In your mind, not your heart! For, the wall of enmity that separates us from God lies between our mind and our heart, if you will, so that we are cut off from our heart, our ego residing in the wisdom of its own opinions. In our heart our spirit lies buried, dead in its sins and trespasses. And, it is down from the ivory tower of our mind and into the tomb of our heart that the Cross of the Fast would lead us; for, it is in the tomb of our heart that the LORD united Himself to us in our Holy Baptism through His death on the Cross; and it is the tomb of our heart that the LORD transfigures into a Bridal Chamber that opens onto the Garden of Eden (Jn 19:41) in His Holy Pascha! If we could escape the Pharaoh of our mind and find our way into the tomb of our heart, we could unite to Christ the LORD in the likeness of His Holy Resurrection – not as a religious idea that tickles our brain, but as the deepest reality of our inner man that raises our soul to life in God!

Beloved faithful, we take up the Great Fast, according to our strength and according to our circumstances. Because it grows from the wood of Christ’s Cross, liturgical texts make clear that the same death-destroying and life-creating action that is active in the Cross of Christ begins to work in us as we take up the Fast and make the Cross of Christ to become incarnate in our bodies, our mind, and our soul. It is the death-destroying, life-creating power of Christ working in the Fast, the Cross of Christ given to us by the Church, that breaches the wall of enmity imbedded in our ego and opens the way into our heart; it is the power of Christ’s Cross working in the Fast that puts to death the Old Man in us, and drowns the Pharaoh of the mind to deliver us from our bondage to the devil through the fear of death, so that we can awake to our true selves and descend in the fear of God, with faith and love, into the tomb of our heart as into the tomb of the LORD’s Pascha and come out on the other side in the Garden of Christ’s Holy Resurrection, the Garden of Eden, a new creation as children of God born from above – not as theatricalfiction, but in the concrete, living and spiritual reality of “Christ in you!”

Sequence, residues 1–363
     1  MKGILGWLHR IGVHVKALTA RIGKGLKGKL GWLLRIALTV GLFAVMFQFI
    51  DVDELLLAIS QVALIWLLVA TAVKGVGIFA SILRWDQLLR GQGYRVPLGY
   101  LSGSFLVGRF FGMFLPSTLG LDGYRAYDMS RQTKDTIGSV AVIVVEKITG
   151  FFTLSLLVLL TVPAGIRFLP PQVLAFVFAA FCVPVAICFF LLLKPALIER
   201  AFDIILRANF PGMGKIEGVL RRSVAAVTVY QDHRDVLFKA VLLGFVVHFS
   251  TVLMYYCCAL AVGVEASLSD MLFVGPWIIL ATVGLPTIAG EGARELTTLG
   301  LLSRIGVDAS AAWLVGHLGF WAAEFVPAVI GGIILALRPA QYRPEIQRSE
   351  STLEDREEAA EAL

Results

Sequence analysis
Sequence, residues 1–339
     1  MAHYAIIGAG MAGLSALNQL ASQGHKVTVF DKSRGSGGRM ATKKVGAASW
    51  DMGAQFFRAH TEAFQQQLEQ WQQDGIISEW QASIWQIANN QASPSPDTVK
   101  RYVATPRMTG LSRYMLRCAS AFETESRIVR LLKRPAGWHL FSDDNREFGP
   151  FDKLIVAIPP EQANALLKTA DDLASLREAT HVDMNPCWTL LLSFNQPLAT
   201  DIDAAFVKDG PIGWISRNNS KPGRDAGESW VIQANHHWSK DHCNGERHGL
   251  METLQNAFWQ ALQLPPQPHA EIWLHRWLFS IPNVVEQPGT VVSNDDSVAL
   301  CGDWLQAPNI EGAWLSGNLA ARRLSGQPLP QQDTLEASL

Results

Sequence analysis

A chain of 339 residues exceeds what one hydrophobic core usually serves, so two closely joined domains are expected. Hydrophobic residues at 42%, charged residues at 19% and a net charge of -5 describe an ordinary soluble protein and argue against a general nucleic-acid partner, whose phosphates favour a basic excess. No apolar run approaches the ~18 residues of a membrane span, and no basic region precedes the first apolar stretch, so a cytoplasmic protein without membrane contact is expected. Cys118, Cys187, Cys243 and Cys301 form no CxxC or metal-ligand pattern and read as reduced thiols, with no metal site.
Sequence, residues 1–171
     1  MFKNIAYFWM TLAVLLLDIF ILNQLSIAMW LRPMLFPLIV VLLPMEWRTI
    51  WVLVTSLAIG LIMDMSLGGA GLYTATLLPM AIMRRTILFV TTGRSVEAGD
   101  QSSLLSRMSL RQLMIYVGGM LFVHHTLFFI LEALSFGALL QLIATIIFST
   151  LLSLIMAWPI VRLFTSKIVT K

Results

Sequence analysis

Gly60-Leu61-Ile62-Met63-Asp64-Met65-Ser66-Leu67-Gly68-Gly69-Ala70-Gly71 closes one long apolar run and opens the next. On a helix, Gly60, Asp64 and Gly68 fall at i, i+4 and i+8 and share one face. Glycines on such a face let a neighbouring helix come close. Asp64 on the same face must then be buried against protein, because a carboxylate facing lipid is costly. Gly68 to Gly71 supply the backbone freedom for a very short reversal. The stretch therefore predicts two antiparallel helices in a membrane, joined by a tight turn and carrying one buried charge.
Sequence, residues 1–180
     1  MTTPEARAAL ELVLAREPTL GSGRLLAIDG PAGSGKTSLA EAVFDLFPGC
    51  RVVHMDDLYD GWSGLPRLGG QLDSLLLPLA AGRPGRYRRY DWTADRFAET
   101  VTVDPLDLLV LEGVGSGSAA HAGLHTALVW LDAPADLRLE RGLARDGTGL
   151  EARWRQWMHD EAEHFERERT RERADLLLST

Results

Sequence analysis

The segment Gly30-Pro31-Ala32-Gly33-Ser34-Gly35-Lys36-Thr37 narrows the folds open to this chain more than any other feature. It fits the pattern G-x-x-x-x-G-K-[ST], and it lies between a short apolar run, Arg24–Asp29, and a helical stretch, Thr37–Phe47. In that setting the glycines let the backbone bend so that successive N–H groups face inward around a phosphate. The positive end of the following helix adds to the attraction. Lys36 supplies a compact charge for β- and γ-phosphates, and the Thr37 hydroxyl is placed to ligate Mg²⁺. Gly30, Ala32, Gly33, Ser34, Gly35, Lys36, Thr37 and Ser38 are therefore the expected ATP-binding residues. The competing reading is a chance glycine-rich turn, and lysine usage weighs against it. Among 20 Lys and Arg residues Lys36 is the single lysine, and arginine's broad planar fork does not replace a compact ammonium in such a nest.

O, brothers and sisters, for the sake of Christ and His Holy Gospel, for the healing of your souls, for your soul’s restoration to her original beauty in the joy and tender love of Christ and His Holy Mother, in the time that remains, let us take up our Cross; let us all take up the Fast, each one according to our strength, according to our circumstances, and raising the Cross of the Fast as our weapon of victory, let us go together with Christ to His Holy Pascha and taste and see in our heart, transfigured as a bridal chamber, the ineffable beauty and joy of the Heavenly Bridegroom who comes at Midnight in His Holy Resurrection. Amen!